The Los Angeles Times reports that an autopsy is scheduled for today on the body of football legend Junior Seau, who took his life at 43-years of age with a gunshot wound ot the chest. Seau leaves behind three children, daughter Sydney Beau (born in 1993) and sons Jake Ryan (born in 1995) and Hunter Tiaina (born in 2000) that he fathered with ex-wife Gina Deboer. While authorities try to get to the bottom of exactly what happened, stories about the football legend’s character have been flooding into news outlets across the country.
Seau formed the Junior Seau Foundation in 1992, which funneled more than $4 million to organizations that provide services to children and young adults. As stated on the foundation’s website, this amount “includes funds designated to an endowment fund which will benefit, in perpetuity, programs supporting youth with the desire but not the means to improve their lives.”
Seau was also an inspiration and source of pride for Samoans, both in America Samoa and living in the continental United States. He created a Samoan day events called “sister city” days that he held in San Diego county.
Over at Deadspin, Marine Captain Albert Flores Jr.’s story of running into Seau at a bar last year in Oceanside Harbor, California, paints a picture of a happy, kind, thoughtful man. Seau, upon learning of Flores Jr.’s position in the military, demanded to pay for his dinner and drinks. We suggest you read the entire piece here, in which Deadspin.com has reprinted the Marine’s email to them, but here is a small snippet from Flores Jr.’s email:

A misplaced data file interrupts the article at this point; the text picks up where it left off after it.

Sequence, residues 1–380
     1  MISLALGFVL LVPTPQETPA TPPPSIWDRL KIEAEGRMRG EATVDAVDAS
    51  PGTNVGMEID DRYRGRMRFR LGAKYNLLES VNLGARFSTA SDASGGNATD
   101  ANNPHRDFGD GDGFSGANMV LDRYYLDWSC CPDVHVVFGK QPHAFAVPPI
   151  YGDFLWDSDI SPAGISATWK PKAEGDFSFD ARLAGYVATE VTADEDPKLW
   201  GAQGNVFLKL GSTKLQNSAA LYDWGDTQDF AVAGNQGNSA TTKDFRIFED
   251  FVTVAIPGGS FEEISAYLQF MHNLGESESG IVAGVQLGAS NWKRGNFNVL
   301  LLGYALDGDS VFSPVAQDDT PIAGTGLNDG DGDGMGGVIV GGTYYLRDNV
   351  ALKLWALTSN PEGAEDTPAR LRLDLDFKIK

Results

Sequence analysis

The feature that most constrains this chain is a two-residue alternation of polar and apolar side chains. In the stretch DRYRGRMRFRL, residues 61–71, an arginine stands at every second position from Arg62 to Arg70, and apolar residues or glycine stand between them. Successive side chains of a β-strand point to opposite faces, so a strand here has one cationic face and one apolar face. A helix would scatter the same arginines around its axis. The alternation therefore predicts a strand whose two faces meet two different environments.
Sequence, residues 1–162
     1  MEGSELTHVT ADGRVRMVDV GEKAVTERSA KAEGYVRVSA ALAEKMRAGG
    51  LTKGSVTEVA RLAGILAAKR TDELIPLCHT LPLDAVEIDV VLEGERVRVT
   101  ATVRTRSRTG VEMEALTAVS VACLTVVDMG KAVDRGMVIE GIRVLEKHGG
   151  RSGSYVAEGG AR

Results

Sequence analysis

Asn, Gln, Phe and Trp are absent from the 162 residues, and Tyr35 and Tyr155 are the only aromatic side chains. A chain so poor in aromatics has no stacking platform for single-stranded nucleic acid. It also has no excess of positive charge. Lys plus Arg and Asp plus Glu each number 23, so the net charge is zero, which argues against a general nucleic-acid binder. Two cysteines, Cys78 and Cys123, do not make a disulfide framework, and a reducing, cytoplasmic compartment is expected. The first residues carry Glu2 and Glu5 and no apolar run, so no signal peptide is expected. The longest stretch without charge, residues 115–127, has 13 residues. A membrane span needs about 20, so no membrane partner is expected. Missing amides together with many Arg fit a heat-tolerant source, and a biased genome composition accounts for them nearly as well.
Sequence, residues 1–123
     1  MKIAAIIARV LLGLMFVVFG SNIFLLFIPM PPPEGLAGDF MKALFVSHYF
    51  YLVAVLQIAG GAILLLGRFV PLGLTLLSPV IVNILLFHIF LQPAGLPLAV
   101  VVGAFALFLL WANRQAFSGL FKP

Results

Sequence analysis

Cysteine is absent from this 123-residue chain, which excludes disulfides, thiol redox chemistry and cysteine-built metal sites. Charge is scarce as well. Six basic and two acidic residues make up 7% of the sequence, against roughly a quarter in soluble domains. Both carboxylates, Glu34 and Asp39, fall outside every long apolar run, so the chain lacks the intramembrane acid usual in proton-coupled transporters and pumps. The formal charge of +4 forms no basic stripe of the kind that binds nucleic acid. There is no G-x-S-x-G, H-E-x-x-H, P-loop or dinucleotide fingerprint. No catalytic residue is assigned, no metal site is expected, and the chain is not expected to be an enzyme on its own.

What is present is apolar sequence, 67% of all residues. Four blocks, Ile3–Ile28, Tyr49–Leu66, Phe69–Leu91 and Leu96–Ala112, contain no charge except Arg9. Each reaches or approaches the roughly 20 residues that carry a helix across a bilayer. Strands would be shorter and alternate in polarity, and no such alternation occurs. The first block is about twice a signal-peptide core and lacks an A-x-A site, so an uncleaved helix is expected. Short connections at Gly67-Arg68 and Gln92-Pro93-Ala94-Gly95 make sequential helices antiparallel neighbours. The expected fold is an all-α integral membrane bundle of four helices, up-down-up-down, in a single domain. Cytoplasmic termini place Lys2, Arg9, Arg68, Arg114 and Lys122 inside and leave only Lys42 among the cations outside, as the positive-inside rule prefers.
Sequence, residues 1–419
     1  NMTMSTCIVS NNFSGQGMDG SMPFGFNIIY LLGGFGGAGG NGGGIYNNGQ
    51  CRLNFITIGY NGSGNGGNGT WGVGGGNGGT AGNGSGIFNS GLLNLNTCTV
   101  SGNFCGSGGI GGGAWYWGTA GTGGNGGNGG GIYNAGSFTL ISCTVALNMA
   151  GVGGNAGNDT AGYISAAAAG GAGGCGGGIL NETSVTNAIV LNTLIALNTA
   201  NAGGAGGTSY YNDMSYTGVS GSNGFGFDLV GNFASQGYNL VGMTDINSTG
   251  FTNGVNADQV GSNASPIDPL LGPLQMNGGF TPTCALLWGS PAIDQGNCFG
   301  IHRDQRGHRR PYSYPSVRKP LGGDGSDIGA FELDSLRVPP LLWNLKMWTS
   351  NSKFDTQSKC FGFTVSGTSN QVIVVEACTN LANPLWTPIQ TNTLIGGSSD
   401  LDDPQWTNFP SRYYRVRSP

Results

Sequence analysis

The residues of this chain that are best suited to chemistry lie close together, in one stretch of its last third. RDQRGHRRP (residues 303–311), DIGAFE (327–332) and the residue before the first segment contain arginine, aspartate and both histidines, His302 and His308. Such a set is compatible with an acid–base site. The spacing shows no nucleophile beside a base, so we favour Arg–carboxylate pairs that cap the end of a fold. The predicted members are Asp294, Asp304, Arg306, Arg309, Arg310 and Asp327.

“Wow, man. I really admire what you do. You guys are real heroes,” [Seau said]. Starstruck for a moment, I didn’t know how to respond. Did one of my childhood heroes really just call me a hero? He did indeed, and refused to let me pay for my dinner or any more drinks for the night. I was surprised to find out that Junior Seau was not only a former member of the Patriots, he was an American patriot.
So who was Junior Seau? Junior’s name was Tiaina Baul Seau, Jr., and he was the fifth child of Tiaina Seau, Sr., and Luisa Mauga Seau of Aunu’u, a small volcanic island off the southeastern shore of Tutuila in American Samoa. Small not only in size, but in population—less than 500 people live on the island. American Samoa, located in the South Pacific, is an unincorporated territory of the United States.
Seau’s father worked at a rubber factory and was a school custodian (the USA Today pinpoints a formative moment in Seau’s life when, during a high school basketball game, he punched a player on the opposing team, El Camino. His father was a janitor at El Camino, and forced Junior to apologize, so Seau went to an El Camino practice and did as he was told.)
Seau’s mother, Luisa worked at the commissary of Camp Pendleton and a laundromat. The USA Today reports that Luisa wept outside his home, explaining how she had just spoken to him on Tuesday. “He was talking to me, joking. Junior, why you never tell me?” she said.
The Seau family returned to American Samoa for several years, but eventually settled in San Diego. The home was packed, so Seau and his three brothers slept in the garage.
Seau was a star athlete at Oceanside High School, lettering in track and field, basketball, and of course, football. During his senior year, Seau was named the Avocado League offensive MVP (he played tight end). Parade selected Seau to its high school All-American team, while on the basketball court, he was named the California Interscholastic Federation San Diego Section Player of the Year. In track and field, he was a shot put star, becoming the Avocado League champion.